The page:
A whole day of getting paid for making people feel better spoils a person, particularly when you get back into the mess of non-professional relationship, i.e. family. It is really easy for me to advocate self care and dispense advice on health and wellness in my office: I have a little authority, and even when I have a client who is in the bowels of despair and/or pain, in about an hour they’re no longer my problem.

When standing in the heart of addiction with my family, we are on equal terms and whatever we’re experiencing together I cannot fix in an hour: not with all my technique, experience, good intentions, essential oils, nice music and sheets.

You know you need help when you think you can fix people.

You know you need help when you realize you have no control over others: you know you need help when you keep trying.

You know you need help when you realize another person’s behavior is turning you into a crazy person: when you catch yourself doing something, saying something, thinking something that makes you go, “Hey wait a minute. Whoa there,” but then you catch yourself doing it again. And justifying it, to boot.

You are just as out of control as everyone else. That’s when you need help.

I reached out for the Anonymous program because it was a perfect match-up for what my family and I were going through. I’m into a full month of participating in this free 50-year-old program and things are better. I am not looking for “perfect”: not anymore: but I’ll take better, any day, especially after the February I had.

If one of the Anonymous programs are not for you, there are other ways to ramp up getting help, beyond the occasional yoga class or acupuncture session (although both of these things are very helpful too). Talk therapy, meditation, meeting with your doctor are all openings into deepening your commitment to bringing yourself back to yourself. Getting massage more! (That ALWAYS helps, and in my next blog I hope to write about how the massage I got during this time of crisis felt like it saved my life.)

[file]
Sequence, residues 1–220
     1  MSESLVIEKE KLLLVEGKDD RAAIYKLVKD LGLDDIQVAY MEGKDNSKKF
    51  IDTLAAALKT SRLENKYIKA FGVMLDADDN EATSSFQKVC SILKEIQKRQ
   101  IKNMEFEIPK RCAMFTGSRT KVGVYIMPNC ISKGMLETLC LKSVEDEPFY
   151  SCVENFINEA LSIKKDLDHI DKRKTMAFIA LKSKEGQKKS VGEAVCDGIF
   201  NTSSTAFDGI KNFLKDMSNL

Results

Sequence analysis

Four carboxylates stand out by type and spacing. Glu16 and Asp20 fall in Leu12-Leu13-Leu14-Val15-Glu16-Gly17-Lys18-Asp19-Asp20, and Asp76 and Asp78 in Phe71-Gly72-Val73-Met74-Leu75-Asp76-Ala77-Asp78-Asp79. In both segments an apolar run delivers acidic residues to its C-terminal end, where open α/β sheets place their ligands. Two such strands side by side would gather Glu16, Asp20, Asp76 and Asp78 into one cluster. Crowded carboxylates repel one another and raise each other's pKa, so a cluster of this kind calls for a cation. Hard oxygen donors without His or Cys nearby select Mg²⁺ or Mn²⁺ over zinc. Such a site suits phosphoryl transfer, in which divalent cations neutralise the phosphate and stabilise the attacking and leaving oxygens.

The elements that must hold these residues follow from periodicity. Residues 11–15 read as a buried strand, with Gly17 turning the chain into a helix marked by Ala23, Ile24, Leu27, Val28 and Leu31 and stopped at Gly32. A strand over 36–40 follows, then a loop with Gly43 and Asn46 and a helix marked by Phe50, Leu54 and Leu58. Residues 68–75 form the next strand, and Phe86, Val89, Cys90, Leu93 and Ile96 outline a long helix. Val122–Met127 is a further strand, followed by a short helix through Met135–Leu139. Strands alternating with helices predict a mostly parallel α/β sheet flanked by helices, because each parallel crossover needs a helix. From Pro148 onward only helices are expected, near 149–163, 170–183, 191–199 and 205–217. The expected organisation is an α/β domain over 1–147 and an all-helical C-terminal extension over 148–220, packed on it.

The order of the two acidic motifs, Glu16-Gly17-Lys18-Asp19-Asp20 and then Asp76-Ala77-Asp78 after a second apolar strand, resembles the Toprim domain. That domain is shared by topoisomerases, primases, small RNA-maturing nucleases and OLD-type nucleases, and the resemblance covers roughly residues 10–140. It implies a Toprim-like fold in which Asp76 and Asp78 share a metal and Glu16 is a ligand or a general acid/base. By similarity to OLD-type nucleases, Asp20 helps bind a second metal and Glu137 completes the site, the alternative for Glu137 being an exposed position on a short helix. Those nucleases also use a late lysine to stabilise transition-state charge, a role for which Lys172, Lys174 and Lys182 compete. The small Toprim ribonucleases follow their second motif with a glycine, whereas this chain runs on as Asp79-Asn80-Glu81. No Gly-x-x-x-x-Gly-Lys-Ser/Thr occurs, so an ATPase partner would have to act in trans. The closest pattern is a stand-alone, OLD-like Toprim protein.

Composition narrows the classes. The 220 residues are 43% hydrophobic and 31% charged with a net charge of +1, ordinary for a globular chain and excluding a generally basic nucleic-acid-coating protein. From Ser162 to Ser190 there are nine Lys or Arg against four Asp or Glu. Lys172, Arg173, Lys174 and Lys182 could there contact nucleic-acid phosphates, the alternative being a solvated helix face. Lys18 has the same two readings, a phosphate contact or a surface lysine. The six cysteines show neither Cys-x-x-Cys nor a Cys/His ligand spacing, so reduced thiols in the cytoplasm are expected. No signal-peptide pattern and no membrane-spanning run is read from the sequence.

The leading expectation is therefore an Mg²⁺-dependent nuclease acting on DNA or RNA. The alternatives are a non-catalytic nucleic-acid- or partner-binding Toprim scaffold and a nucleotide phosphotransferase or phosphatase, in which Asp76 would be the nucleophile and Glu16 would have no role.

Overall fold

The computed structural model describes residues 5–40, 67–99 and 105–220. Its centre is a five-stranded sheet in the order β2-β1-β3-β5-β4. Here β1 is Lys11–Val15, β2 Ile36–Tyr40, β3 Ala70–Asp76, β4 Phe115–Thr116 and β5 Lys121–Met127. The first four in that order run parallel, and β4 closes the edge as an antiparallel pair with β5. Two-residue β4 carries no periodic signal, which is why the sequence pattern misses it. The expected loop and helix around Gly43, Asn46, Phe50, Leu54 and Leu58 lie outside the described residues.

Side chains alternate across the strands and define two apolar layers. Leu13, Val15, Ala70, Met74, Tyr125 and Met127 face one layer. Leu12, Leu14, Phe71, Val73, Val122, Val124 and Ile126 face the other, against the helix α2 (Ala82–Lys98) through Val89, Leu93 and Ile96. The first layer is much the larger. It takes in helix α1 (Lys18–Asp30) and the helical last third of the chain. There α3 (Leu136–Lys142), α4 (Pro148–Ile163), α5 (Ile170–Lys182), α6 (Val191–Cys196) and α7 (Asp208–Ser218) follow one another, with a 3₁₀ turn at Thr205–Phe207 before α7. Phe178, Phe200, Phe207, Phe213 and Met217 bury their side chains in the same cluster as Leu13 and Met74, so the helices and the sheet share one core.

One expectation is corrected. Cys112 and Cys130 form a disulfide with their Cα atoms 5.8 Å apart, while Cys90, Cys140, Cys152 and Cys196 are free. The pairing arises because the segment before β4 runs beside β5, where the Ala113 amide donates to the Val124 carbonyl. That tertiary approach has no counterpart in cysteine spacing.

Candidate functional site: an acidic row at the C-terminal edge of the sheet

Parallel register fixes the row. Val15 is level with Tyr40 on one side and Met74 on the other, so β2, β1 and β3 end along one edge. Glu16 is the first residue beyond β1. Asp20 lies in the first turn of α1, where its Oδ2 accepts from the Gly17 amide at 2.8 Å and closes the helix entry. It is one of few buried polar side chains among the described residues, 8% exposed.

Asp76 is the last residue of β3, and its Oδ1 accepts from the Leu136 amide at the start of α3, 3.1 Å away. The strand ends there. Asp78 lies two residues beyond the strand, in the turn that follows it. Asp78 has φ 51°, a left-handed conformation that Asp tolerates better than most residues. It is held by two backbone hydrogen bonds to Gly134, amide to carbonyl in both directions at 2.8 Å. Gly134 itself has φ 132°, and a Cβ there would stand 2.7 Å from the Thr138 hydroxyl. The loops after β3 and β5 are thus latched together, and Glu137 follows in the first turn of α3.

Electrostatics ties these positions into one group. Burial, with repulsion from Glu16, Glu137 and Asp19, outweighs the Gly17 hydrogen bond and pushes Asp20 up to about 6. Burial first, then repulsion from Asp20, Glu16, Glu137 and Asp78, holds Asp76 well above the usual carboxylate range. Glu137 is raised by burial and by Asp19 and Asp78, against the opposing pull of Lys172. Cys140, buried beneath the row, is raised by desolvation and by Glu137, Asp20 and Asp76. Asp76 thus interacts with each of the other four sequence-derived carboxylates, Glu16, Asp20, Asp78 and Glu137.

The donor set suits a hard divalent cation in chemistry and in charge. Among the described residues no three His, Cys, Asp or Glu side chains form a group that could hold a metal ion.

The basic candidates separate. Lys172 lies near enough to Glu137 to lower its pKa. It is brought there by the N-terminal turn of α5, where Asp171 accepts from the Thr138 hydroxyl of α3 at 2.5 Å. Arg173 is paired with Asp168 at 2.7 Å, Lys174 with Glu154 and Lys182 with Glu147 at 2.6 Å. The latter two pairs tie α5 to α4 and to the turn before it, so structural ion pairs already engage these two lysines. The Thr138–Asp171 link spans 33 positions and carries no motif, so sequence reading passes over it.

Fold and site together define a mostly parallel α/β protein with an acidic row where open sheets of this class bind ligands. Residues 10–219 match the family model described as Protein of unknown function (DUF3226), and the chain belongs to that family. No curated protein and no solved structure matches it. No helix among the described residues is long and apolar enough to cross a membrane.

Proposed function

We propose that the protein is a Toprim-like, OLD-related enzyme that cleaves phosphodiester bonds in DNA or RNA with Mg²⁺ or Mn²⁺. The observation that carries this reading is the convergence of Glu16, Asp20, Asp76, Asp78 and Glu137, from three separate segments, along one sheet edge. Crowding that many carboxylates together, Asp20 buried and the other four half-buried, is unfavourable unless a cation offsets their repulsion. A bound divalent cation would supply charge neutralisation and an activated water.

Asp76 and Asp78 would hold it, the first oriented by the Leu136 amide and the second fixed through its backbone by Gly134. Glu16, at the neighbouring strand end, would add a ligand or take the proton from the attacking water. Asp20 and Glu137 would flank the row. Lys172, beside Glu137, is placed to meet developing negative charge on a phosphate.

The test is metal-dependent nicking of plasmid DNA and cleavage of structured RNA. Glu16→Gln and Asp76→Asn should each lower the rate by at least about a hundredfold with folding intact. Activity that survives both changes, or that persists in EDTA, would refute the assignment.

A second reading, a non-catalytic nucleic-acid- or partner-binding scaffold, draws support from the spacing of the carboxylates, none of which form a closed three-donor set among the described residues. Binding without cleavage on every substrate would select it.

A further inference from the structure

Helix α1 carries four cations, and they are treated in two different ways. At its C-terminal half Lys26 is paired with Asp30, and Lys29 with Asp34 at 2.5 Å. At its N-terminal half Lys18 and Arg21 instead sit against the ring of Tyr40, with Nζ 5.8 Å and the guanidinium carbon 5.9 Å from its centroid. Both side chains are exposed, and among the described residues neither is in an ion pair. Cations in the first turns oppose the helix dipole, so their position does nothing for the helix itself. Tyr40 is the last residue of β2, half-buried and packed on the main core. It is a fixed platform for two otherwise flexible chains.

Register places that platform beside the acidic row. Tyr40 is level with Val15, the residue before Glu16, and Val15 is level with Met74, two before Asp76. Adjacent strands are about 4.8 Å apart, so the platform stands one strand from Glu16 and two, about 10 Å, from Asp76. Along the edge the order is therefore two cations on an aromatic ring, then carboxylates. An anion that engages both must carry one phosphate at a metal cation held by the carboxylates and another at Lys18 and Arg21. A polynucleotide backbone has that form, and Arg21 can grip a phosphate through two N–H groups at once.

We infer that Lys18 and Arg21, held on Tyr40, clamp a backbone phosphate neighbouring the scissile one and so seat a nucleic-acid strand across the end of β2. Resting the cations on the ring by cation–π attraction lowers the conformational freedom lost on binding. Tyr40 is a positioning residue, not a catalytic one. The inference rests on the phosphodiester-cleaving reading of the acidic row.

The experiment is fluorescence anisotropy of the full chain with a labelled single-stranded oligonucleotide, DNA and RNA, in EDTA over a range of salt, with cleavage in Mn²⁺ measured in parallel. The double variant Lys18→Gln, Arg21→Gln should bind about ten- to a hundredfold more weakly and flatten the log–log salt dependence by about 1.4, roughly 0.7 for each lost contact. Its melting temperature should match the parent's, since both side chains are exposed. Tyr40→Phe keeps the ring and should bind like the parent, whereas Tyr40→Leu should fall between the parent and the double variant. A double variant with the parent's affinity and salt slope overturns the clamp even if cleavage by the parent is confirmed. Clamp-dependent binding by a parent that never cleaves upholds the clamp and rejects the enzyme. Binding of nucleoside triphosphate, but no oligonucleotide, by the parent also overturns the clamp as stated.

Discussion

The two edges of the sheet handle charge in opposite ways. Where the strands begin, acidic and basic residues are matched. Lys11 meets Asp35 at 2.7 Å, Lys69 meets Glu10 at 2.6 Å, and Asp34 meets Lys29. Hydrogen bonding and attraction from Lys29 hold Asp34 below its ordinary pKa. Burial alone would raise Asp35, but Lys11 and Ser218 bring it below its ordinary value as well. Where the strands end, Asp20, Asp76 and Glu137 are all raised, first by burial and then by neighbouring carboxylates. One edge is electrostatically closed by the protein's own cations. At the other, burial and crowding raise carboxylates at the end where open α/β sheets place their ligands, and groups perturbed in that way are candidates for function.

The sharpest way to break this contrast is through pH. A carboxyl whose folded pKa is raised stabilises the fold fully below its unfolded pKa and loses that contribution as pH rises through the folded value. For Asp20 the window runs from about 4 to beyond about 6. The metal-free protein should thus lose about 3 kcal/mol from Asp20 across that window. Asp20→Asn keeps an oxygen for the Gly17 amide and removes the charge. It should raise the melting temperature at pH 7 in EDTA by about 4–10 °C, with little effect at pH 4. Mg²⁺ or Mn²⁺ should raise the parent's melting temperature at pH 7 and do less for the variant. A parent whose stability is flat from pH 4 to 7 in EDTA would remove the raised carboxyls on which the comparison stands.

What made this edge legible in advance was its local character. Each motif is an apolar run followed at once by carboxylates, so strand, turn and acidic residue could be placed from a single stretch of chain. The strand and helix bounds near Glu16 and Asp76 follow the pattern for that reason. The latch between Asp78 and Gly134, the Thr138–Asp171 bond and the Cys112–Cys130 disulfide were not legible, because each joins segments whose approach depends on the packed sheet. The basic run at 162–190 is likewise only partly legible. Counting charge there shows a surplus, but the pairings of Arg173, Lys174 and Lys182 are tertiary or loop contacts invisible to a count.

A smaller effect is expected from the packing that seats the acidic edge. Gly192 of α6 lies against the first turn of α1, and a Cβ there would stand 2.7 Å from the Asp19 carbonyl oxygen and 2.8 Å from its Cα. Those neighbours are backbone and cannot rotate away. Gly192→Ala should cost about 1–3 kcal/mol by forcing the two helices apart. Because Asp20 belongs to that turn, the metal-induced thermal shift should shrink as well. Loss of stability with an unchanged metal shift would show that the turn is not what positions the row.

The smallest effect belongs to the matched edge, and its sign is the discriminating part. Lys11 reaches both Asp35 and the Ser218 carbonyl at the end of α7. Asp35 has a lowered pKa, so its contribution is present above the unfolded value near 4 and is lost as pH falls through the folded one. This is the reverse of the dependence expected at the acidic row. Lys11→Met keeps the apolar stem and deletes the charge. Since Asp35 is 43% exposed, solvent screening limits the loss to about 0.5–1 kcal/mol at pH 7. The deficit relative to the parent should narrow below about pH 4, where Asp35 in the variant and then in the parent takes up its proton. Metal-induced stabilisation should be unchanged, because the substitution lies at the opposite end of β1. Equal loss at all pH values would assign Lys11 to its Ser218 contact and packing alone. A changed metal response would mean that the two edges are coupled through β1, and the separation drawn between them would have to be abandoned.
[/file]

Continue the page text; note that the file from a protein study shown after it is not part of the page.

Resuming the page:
You might find certain authors really helpful, as I have: Richard Rohr (“The Art of Letting Go: Living the Wisdom of St. Francis“), Anne Lamott (“Help Thanks Wow: The Three Essential Prayers“,) Pema Chodron (“When Things Fall Apart“), Melody Beattie.

You may feel it’s time to re-engage with a faith community once again: perhaps a church, a synagogue, sangha or mosque is calling you. Try going. Maybe that’s what you need most right now.

Whatever you choose, let the dark valley you walk into wake you up to your true potential, and give you hope for your future. This is where I have found myself today. And it’s because I admitted I needed help.